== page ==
In this post we’re going to break down the stomach, stomach acid, and, of course, it’s relationship to the thyroid and Hashimoto’s.
What does the stomach do?
It’s role is really to take food that has been chewed (hopefully well) and mixed with saliva and to break it down.
Break it down! Like James Brown!
Break it down, stomach! Do the mashed potato. Ok, what breaks all this food down?
Hydrochloric acid. This is vitally important for breaking down vitamins, minerals (like iron) and vital nutrients so that they can be absorbed by your small intestine.
A lot of people, misled by advertising, think that stomach acid is bad. 2 of the top 10 most prescribed drugs in the US are Nexium and Prevacid.
These are designed to block the production of stomach acid and are called proton pump inhibitors.
These proton pump inhibitors work by completely blocking the production of stomach acid. They do this by inhibiting (shutting down) a system in the stomach known as the proton pump.
Because we don’t need that.
No, actually, it’s hugely important.
Having enough stomach acid prevents food poisoning, parasites and other critters from taking over your digestive tract.
Enough hydrochloric acid also stimulates gall bladder and pancreas function to complete digestion and keep everybody in the digestive tract happy, happy, happy.
Proton pump inhibitors also affect thyroid hormone absorption and a study from Endocrinology Practice, the official journal of the Endocrine Society of America found their impact is so significant that patients taking these drugs and thyroid hormone may need to adjust their dosage.
What I’m saying is you actually do need hydrochloric acid or HCL and it’s production depends on the hormone gastrin.
And guess what else has an impact on gastrin? Thyroid hormone.
So hypothyroidism causes less gastrin to be produced, which leads to lower amounts of hydrochloric acid which, in turn leads to heartburn, bloating, gas and..wait for it…….!
Why, yes I did.
But didn’t you also say too little hydrochloric acid?
Why, yes I did.
Let me explain…mechanisms, people. It’s how things work.
It turns out, having enough stomach acid actually prevents heartburn by helping to thoroughly digest your food.
The burning sensation that people feel from heartburn is actually from the poorly digested food rotting in your gut and shooting up into your esophagus, where there is no protection from the acid.
Even a small amount of acid will cause problems there.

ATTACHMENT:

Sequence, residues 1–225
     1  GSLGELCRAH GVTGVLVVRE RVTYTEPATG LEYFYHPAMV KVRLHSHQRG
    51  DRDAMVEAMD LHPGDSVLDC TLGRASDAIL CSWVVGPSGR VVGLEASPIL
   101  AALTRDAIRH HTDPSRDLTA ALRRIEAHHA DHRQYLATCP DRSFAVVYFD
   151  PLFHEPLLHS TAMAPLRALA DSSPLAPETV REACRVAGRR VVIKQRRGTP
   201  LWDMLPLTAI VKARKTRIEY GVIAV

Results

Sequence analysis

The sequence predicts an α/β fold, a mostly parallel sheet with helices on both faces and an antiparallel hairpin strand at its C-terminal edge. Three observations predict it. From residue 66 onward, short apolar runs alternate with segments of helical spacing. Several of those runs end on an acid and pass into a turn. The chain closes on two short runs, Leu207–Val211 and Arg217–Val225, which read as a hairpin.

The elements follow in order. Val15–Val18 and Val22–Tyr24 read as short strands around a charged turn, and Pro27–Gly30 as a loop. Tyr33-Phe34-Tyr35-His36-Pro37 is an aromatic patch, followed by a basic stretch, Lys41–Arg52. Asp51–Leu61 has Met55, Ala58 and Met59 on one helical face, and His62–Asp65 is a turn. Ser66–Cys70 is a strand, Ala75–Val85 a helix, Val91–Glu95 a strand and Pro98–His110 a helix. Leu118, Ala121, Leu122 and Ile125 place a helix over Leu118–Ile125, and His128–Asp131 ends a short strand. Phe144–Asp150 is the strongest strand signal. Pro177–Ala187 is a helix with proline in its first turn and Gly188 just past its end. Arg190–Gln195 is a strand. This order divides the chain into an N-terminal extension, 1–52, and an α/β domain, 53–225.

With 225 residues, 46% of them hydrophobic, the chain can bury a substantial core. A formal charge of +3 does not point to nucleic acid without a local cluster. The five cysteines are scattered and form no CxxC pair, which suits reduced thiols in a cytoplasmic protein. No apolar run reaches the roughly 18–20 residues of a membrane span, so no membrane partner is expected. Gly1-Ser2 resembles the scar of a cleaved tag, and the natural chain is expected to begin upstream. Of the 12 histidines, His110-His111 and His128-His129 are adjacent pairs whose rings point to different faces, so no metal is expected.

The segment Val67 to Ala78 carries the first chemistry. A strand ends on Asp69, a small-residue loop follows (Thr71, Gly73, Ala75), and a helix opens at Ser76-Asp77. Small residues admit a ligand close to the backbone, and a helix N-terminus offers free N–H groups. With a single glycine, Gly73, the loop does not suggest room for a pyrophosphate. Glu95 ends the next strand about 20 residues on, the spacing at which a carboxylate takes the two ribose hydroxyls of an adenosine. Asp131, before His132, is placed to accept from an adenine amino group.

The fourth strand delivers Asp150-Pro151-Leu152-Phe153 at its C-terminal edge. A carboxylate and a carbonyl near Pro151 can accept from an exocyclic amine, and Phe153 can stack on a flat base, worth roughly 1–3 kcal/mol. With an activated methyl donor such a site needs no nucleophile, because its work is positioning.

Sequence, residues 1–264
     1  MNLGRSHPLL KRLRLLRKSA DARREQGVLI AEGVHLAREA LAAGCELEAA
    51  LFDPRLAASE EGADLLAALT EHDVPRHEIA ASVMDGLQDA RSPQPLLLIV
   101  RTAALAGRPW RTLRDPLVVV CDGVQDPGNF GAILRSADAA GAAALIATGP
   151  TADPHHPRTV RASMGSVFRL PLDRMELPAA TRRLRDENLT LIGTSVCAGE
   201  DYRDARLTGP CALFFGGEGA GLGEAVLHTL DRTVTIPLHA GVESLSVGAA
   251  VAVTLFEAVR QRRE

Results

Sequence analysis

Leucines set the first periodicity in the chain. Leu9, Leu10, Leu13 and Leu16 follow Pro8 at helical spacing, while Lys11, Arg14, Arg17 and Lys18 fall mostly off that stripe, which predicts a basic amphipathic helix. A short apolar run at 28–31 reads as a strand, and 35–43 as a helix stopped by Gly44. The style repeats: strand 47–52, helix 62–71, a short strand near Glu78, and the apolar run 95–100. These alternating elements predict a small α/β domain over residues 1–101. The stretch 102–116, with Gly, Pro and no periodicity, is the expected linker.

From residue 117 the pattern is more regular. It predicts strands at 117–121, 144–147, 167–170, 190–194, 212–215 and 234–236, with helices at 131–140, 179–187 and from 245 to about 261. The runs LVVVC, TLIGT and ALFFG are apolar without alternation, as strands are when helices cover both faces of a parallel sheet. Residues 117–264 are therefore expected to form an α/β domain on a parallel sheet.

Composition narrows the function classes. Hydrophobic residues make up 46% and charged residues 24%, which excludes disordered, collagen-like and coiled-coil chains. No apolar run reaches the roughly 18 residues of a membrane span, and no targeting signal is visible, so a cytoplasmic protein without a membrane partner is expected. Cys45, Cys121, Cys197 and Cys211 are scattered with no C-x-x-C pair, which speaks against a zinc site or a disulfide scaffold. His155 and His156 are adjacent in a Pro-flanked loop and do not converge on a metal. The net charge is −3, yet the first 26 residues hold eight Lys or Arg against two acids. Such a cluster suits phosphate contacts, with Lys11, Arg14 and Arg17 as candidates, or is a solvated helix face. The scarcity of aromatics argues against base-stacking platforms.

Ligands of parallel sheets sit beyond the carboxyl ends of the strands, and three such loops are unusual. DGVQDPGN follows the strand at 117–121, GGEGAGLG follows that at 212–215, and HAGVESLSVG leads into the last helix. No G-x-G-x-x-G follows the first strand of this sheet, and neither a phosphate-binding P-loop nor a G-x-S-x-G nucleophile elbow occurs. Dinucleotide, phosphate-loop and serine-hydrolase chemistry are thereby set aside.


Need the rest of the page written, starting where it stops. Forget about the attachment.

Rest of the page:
In an editorial published in the journal Gastroenterology first published online in 2009, the author remarked:
Treating gastroesophageal reflux disease with profound acid inhibition (which the popular drugs are) will never be ideal because acid secretion is not the primary underlying defect.
You see, there is the truth rearing it’s ugly little head. Another study referenced below suggests the actual cause of GERD is pressure on the abdomen (often made worse by weight gain and obesity) not too much acid.
For decades the medical establishment has been directing its attention at how to reduce stomach acid secretion in people suffering from heartburn and GERD, even though it’s well-known that these conditions are not caused by excess stomach acid.
Advertising, people. Great for making money, not so good for healing.
Another thing that HCL is important for is the absorption of vital nutrients like B12, iron, and calcium and for breaking down and absorbing protein.
Too little HCL can also lead to inflammation, lesions and infections in the intestines.
All of that leads to poor absorption of thyroid hormone, leading to…this one is a gimmee….(yup, you guessed it) normal lab tests but hypothyroid symptoms.
With too little stomach acid, also called hypochlorhydria, 2 important factors lead to GERD and acid reflux.
The first is bacterial overgrowth. Stomach acid acts like the police of the digestive tract. It keeps the riff raff out. When you don’t have enough you can get overgrowth of bacterial species that cause problems like copious amounts of gas. (Whew!)
The second problem that too little stomach acid causes is that it can lead to poor digestion, especially of carbohydrates. And these 2 problems feed each other because these problem bacteria really like to feed on carbohydrates.
So you wind with yet another vicious cycle.
This is also why people with acid reflux often feel better after going off of gluten (and other carbs). You stop feeding the problem.